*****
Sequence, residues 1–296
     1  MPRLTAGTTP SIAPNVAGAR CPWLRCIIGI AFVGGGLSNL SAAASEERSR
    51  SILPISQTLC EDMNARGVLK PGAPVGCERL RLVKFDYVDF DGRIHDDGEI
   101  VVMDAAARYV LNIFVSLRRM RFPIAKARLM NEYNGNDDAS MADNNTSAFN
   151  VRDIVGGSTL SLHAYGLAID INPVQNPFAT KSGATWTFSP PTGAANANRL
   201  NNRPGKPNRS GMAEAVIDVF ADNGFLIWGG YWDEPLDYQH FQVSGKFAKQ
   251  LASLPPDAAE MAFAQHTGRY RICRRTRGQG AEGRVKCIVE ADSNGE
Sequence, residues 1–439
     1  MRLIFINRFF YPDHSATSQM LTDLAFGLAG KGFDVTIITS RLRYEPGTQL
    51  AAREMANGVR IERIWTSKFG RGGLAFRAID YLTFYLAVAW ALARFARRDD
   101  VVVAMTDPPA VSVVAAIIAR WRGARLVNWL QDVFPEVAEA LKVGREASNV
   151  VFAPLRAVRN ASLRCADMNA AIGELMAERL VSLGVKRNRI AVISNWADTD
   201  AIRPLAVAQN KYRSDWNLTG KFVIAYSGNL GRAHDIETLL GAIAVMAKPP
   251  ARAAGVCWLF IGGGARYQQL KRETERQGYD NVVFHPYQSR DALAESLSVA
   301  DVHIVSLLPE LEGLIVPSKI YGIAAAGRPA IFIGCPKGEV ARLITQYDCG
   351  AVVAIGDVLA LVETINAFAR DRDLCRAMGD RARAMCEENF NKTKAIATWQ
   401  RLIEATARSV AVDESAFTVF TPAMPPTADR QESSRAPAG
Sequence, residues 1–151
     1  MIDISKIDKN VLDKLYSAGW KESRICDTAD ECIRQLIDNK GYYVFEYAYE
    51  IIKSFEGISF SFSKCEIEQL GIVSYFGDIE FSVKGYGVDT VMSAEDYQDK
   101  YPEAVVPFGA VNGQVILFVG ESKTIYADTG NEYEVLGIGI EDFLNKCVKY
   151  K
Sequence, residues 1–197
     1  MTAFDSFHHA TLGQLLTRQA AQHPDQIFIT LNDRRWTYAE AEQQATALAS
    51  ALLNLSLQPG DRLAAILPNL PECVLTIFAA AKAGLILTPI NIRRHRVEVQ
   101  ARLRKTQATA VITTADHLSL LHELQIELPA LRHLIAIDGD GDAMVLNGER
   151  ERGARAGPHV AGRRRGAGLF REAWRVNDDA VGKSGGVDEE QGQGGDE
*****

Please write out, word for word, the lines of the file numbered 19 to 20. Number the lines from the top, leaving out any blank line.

     1  MIDISKIDKN VLDKLYSAGW KESRICDTAD ECIRQLIDNK GYYVFEYAYE
    51  IIKSFEGISF SFSKCEIEQL GIVSYFGDIE FSVKGYGVDT VMSAEDYQDK